Oregon liquor commission chairman Paul Rosenbaum resigns one day after fiery defense of board in bourbon scandal
Oregon liquor regulators had rare Kentucky bourbons set aside so that they could buy them. This whiskey was distilled in Kentucky in August 2016 to mark the total lunar eclipse from Salem, Oregon to Charleston, South Carolina. (Scott Olson/Getty Images)
Oregon Liquor and Cannabis Commission chairman Paul Rosenbaum resigned Thursday, one day after delivering a fiery defense of the state’s liquor agency and how it handled a bourbon hoarding scandal.
Gov. Tina Kotek requested his resignation, Kotek spokeswoman Elisabeth Shepard confirmed to the Capital Chronicle. Shepard declined to comment on the reason the governor wanted Rosenbaum to resign or whether Kotek plans to ask any other members of the seven-person commission to step down.
During Wednesday’s commission meeting, Rosenbaum spent more than 15 minutes complaining about press scrutiny of the agency and coverage of recent revelations that at least six top-level employees of the Oregon Liquor and Cannabis Commission used their positions to obtain special access to rare bourbon.
He described the commission as “the most open public agency in this state, bar none” and its board as “the most ethical people you ever want to see.” Rosenbaum stuck to those notes in a one-page statement announcing his resignation, most of which consisted of a list of agency achievements since his appointment in 2017.
“I am proud of the hard work of my fellow commission members and of the thousands of good and honest employees at OLCC,” Rosenbaum said in his statement.
Rosenbaum learned about an investigation into six top employees, including former Executive Director Steve Marks, on Sept. 8, 2022, he said. He said he didn’t share anything about that investigation with his fellow commissioners or anyone else, and he said he was told that the employees were reprimanded.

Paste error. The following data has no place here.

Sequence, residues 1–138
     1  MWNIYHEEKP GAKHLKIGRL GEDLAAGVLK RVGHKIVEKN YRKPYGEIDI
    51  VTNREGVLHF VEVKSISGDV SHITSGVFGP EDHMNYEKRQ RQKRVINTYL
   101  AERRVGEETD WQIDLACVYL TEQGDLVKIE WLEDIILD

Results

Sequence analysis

“Neither I nor any of my fellow commissioners were part of the investigation,” he said. “In addition, neither I nor any of my fellow commissioners were asked to endorse or otherwise evaluate the investigation.”
Rosenbaum and fellow commission members are unpaid volunteers. They set policy and approve or reject applications for liquor licenses, but professional staff handle the day-to-day operations of the agency.
Oregon Attorney General Ellen Rosenblum is leading a criminal investigation of the commission employees involved in diverting bourbon for their personal use, and Kotek has requested a subsequent civil investigation into the agency. Shepard said Rosenbaum would be included in the scope of that civil investigation, though the governor has no reason to believe he participated in the liquor diversion.
Marks, the longtime director of the agency, resigned on Wednesday, two weeks after Kotek asked that he leave. She’s also asked for the other top managers to resign.
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